Easing The Anxiety While Traveling With A Cat




Traveling with a cat can stressful for both you and your kitty, but there are some things you can do to ease the anxiety. Making your cat feel more secure will go a long way to improving your won travel experience.

Several things can help: continuous reassurance for one, getting your cat used to the travel experience is another, and nonprescription remedies, or in some cases, prescription medication.

Cat in trunk of car

Photo credit: Cat in trunk of car / CC 2.0

For most cats who are not used to regular travel, travel equals anxiety.

In some cases, just getting a cat into a carrier can result in blood loss.

Since most of us don't own a suit of armor, reducing your cat's anxiety is a self-preservation exercise, if nothing else.

To ease both your anxiety and your cat's, as the Boy Scouts say, "be prepared." Cats that travel well are generally well-socialized and already used to the travel experience. Some are leash trained.

So, it can be helpful not only to prepare yourself for the journey, but also to acclimate your cat to car travel. Many cats only ride in the car during stressful events... visits to the veterinarian, the groomer, moving from one home to another, or going to see the "Auntie" who has a dog your cat can't stand to be around.

scared cat at the veterinarian

Many cats are only put into their carriers during these times. Many cats don't even see the carrier until it's time to go to the vet.

And what happens? The amazing vanishing cat!

We may think we're doing our cats a favor by hiding the carrier away from them until it's time to go for one of these horrific rides. Unfortunately, that may actually increase the anxiety, and as soon as the carrier comes out, it's time to hide under the bed.

In truth, usually your cat knows before you do that he carrier is coming out, and is already hiding. We often think that cats can predict events, but more likely it's probably that your cat is sensing your anxiety over the event.

I wrote about easing anxiety in cats here. Although that was in response to litter box problems after moving to a new home, the basic information would apply to traveling with your cat as well.

Below are several things you can do that are specific to travel anxiety:

  • Keep the carrier out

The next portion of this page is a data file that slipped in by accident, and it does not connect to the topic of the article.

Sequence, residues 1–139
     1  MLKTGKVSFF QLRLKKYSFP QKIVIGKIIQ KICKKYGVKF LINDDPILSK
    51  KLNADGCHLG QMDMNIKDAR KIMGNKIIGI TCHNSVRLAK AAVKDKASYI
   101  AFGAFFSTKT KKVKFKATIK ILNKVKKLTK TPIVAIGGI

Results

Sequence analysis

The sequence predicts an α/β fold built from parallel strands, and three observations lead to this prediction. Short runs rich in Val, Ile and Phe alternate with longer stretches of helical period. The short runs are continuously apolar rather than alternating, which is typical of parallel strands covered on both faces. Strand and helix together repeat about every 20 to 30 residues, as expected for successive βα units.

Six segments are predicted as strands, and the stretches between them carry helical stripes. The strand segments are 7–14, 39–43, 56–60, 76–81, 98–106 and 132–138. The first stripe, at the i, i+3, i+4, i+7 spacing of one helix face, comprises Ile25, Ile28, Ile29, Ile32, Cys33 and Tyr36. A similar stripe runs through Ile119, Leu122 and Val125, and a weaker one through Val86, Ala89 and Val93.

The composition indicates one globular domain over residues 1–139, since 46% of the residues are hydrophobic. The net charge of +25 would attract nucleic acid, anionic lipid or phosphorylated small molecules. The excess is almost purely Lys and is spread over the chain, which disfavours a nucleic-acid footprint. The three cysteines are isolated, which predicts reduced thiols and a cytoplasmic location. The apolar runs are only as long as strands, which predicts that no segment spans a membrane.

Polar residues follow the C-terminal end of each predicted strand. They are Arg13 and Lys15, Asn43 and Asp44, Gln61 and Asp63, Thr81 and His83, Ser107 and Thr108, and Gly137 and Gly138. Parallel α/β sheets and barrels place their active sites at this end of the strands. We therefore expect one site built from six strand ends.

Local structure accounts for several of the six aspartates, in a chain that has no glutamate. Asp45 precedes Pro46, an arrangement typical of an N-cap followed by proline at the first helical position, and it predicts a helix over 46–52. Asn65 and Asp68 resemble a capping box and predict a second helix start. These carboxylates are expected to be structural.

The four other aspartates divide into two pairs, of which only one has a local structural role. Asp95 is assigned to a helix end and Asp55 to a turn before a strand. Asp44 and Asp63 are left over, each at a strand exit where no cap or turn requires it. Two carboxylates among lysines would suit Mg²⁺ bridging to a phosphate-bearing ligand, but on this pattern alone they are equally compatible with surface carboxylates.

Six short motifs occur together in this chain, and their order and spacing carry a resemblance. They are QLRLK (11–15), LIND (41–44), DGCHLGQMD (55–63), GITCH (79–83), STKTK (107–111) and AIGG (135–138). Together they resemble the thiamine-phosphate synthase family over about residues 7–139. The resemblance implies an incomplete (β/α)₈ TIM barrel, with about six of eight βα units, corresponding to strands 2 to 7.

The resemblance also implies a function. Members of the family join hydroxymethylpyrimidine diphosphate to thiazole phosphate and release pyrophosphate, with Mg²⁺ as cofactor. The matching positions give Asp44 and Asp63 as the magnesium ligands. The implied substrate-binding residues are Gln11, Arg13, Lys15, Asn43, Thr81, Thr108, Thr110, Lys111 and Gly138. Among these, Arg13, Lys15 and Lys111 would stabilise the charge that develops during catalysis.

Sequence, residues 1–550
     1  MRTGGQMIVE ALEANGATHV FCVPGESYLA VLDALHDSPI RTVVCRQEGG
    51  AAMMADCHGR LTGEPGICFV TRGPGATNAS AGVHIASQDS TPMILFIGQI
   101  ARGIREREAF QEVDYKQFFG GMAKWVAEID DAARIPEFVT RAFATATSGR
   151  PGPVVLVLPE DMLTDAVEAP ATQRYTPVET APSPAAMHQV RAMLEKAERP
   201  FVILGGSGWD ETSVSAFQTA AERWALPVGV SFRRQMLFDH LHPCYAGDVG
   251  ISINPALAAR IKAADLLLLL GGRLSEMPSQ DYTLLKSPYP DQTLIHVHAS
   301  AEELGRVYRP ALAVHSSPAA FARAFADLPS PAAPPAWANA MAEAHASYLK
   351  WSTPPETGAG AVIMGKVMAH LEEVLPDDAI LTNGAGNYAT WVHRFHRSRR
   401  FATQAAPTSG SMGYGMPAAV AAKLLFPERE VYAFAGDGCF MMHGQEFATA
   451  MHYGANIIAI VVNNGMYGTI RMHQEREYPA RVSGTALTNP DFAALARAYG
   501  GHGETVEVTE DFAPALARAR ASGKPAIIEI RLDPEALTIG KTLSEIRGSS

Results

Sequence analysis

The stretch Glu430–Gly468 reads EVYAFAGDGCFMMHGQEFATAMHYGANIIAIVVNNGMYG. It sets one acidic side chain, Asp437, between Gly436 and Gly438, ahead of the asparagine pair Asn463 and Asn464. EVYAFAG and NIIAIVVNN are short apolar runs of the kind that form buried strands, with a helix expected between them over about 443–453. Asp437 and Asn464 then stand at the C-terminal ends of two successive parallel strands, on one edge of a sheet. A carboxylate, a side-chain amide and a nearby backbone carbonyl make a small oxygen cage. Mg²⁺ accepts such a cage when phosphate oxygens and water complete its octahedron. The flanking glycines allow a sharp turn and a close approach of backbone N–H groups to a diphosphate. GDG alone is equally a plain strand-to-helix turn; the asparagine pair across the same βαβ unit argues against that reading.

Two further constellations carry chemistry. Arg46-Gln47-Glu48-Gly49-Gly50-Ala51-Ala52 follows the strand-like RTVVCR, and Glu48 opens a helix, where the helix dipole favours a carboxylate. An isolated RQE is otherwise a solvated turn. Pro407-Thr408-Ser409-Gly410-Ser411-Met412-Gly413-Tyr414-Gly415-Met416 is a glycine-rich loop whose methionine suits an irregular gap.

While at home, keep the carrier out in view of your cat at all times so that your cat doesn't fear it, and can keep her familiar scent on it. Your cat will feel more secure if the carrier is a familiar item and has her scent on it.

  • Use "Clipnosis"
    There's a modified scruffing technique, called "Clipnosis" that is used for reducing anxiety in cats. You can use this to help get your cat into the carrier. Once your cat is inside the carrier, you can remove the clip.

  • Go for "good" car rides
    Train your cat to accept car rides by slowly easing her into it. By going on rides that don't involve bad experiences, your cat may learn to accept, or even like riding in the car.

    Start with very small trips, and gradually increase the ride time over a period of time. If you allow her a way to safely see out the window, she may learn to like all the interesting sights and smells.

    At a minimum, though, try to make the experience as pleasurable as possible. Using treats or a favorite activity will allow your kitty to view car rides as a good experience.

    If you leash train her, you could even go for a walk in the park. Some cats love to go for a walk, and the enticement of visiting a new and interesting place might turn your cat into a "cat travel expert."

  • Anxiety Medication
    As mentioned in the cat travel checklist and explained in these tips, using Rescue Remedy and Feliway may help to reduce anxiety in your cat. If not, your vet may prescribe medication.

  • Crate training
    Crate training a puppy is a fairly well-known practice, and crate training is therefore normally only thought of with respect to dogs, but it can make cat travel experiences much more pleasant.

    From the point of view of a crate trained cat, the cat crate is a safe zone. Since your cat is safe inside the crate, she can take her safe zone with her, and feel much more secure when traveling. No more bloodshed when it comes time to leave the house. Less stress for you, less stress for your kitty.

  • Reassurance
    As with all situations, ignore undesired behavior, and praise the good. Give your cat constant reassurance when she's feeling stressed and unsure of herself.






Kitty Anxiety Medication


Travel puts an extra stress burden on your kitty, and longer car rides can be especially stressful. If Rescue Remedy and Feliway don't do the trick to calm your cat, your vet can prescribe a mild tranquilizer... something like kitty Valium.

I don't like giving medication when it's not necessary, but there may be times when it's called for. I used this type of medication only once, at the beginning of a long trip across several states.

Some cat health problems may prevent your cat from taking these medications, so make sure you've got your cat's full medical history correct. The best vet to prescribe these medications is obviously your regular vet, but this is not always possible, especially in the case of emergency trips.

If your cat is healthy enough to take them, medication for anxiety can be especially helpful for:

  • Taking the edge off at the beginning of a long trip.
  • Cats who are skittish or have general anxiety problems.
  • Cats who aren't used to car rides or travel.
  • A cat who doesn't handle traveling well despite repeated experiences.

If you ease your cat into it and take regular car rides together, traveling with your cat may become more enjoyable for the both of you!

Do you have experience traveling with a cat? Submit your stories, ideas, and tips.


dog and cat photos






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